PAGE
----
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Family Matters Blog: Spouse Stresses Importance of Serving Others

By Elaine Wilson
American Forces Press Service

WASHINGTON, Nov. 19, 2010 – Vivian, a Navy veteran and spouse, regularly guest blogs for Family Mattersand shares her experiences as a spouse of a sailor and a mother of two. Her husband, a Navy lieutenant, recently returned from Iraq and she has two boys who, she says, “enjoy peanut butter, trucks and air shows.”

In this blog, Vivian writes about the importance of volunteerism and encourages military families to visit Serve.gov to learn about ways they can pay tribute to veterans this month.

By Vivian

Navy Spouse

Stating, “Behind our brave service men and women, there are family members and loved ones who share in their sacrifice and provide unending support,” last week President Barack Obama proclaimed November to be Military Family Month.


And, because so many military families are communicating online and through social media platforms like Facebook, it was no surprise to me that many of my friends rushed to share the link to the official proclamation with status updates, giving their own take through blogs and online commenting, many questioning the need for recognition for “just doing what we do.”


I guess it also wasn’t surprising, given the people sharing, that most of the links were paired with upcoming opportunities for service and volunteering.  And, really, isn’t that just like a “milfam” member to take a Bravo Zulu and turn it into an appeal for help with another service project? That’s just how we roll.


Because that is what we do, right?  We can’t stop ourselves from volunteering. We serve right alongside our military members and we do it with great pride. Not the kind of pride that makes it hard to say sorry when you are wrong, but the pride that comes with knowing that you are making a difference and getting fulfilled from the experience. The pride that comes from working with others and understanding that we help each other get through the rough times. We have better celebrations together at homecomings and promotions not in spite of the hard times, but because of them.


We rely on each other to an extent that really makes us co-dependent on each for success, which is, at least to me, an important life lesson to take away. We’ve learned through experience that we are only as strong as our weakest link. Not only that, but we are responsible for that weak link and must envelope it with support. Otherwise we all fail together.  In recognition of this reliance on each other, we volunteer in our communities – in military circles and in our civilian ones – at amazing levels. The recent Military Family Lifestyle Survey conducted by Blue Star Families highlighted this phenomenon, revealing that 68 percent of the respondents had volunteered in the past year, and much of that volunteerism was informal in nature, such as assisting friends with meals and childcare (can you say deployment buddies?). Also, at least 9 percent of respondents volunteered more than 30 hours a month – that’s equivalent to a part-time job.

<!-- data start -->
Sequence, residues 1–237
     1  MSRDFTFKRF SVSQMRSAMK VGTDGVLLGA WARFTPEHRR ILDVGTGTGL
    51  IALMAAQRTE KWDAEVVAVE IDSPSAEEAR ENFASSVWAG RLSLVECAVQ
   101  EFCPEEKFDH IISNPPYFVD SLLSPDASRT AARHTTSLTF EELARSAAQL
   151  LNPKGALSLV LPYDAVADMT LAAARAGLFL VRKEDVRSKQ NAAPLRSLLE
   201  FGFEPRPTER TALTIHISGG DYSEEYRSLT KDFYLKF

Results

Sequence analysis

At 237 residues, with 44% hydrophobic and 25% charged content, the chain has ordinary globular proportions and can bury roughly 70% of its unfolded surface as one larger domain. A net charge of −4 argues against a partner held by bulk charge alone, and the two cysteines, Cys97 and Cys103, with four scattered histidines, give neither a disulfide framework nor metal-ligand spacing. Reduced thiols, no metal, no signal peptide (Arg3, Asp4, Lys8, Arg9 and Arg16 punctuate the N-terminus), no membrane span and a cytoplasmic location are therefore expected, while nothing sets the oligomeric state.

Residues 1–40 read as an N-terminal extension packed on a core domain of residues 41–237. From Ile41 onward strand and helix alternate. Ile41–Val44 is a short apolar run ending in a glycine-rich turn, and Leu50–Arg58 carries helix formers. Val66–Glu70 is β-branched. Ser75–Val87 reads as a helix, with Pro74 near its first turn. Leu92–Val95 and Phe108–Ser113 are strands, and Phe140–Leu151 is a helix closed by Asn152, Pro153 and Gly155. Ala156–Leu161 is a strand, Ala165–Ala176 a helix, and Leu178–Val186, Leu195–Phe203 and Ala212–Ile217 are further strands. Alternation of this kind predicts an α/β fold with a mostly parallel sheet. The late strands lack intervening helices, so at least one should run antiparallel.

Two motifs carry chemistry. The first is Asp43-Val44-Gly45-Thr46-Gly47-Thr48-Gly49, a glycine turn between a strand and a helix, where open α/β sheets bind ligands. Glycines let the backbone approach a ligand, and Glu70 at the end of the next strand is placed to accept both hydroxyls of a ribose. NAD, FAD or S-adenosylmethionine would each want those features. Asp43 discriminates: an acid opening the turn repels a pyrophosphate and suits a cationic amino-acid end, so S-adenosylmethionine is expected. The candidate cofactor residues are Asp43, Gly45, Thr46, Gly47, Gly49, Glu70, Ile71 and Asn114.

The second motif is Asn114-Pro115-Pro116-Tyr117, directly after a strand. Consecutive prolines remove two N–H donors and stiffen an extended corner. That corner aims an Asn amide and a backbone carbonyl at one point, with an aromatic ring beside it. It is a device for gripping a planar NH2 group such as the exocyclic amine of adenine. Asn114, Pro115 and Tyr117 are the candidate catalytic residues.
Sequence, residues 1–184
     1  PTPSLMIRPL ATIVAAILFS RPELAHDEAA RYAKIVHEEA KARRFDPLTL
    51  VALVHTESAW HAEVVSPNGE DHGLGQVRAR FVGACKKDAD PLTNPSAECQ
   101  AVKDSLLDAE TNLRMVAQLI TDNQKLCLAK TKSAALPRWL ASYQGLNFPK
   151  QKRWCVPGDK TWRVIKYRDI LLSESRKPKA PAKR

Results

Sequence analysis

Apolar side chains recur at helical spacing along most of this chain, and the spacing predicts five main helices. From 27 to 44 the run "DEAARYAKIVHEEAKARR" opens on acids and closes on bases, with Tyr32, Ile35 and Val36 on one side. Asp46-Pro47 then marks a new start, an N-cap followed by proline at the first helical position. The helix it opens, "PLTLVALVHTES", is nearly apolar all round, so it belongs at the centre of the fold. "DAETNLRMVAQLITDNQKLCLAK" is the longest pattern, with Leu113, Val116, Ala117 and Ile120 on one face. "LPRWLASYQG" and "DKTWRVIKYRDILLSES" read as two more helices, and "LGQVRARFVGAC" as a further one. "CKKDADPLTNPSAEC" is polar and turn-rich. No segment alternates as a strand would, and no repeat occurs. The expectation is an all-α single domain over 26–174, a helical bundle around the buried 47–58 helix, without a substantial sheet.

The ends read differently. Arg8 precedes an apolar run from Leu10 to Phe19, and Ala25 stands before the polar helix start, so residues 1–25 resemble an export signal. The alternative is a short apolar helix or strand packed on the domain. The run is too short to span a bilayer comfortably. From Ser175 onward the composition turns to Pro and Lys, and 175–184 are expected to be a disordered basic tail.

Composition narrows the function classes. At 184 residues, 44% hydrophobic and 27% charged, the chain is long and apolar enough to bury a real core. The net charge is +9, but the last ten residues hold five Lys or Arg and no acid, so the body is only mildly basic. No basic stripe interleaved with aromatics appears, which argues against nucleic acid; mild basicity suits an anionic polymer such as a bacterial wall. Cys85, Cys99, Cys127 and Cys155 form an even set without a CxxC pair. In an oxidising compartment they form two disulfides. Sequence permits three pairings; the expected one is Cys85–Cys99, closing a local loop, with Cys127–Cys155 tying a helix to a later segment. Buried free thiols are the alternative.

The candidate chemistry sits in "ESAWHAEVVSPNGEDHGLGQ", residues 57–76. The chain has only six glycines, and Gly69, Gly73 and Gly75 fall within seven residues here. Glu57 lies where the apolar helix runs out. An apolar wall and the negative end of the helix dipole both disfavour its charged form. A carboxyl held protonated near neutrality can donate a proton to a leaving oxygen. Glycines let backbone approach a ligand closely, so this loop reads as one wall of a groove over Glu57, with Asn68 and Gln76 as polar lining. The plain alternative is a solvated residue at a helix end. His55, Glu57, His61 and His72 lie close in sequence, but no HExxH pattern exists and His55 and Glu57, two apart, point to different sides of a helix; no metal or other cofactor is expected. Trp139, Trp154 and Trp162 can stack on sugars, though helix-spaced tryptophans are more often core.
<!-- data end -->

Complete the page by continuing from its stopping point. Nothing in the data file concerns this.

So, in the spirit of revering service to the country, and to honor our milfam members for their contributions to their communities, I’m going to plug the website Serve.gov. Many incredible service events are going on around the country to pay tribute to our nation’s veterans this month -- some really awesome opportunities for fellowship, engagement and learning. There are many chances to look a veteran in the eye and simply say, “thank you,” which is priceless to our milfams, who know in their bones the price military service can exact.


But I’m not telling you guys anything you don’t already know. More likely than not, you’re already planning to share this with your own circle of friends, asking them to come help out at the service project YOU are organizing.  Just make sure you take a second before you hit “submit” to stop and realize that your contributions are substantial and vital. And, that you make all the difference in the world, “just doing what you do.”

To comment on this blog, or to read other posts, visit the Family Matters website.

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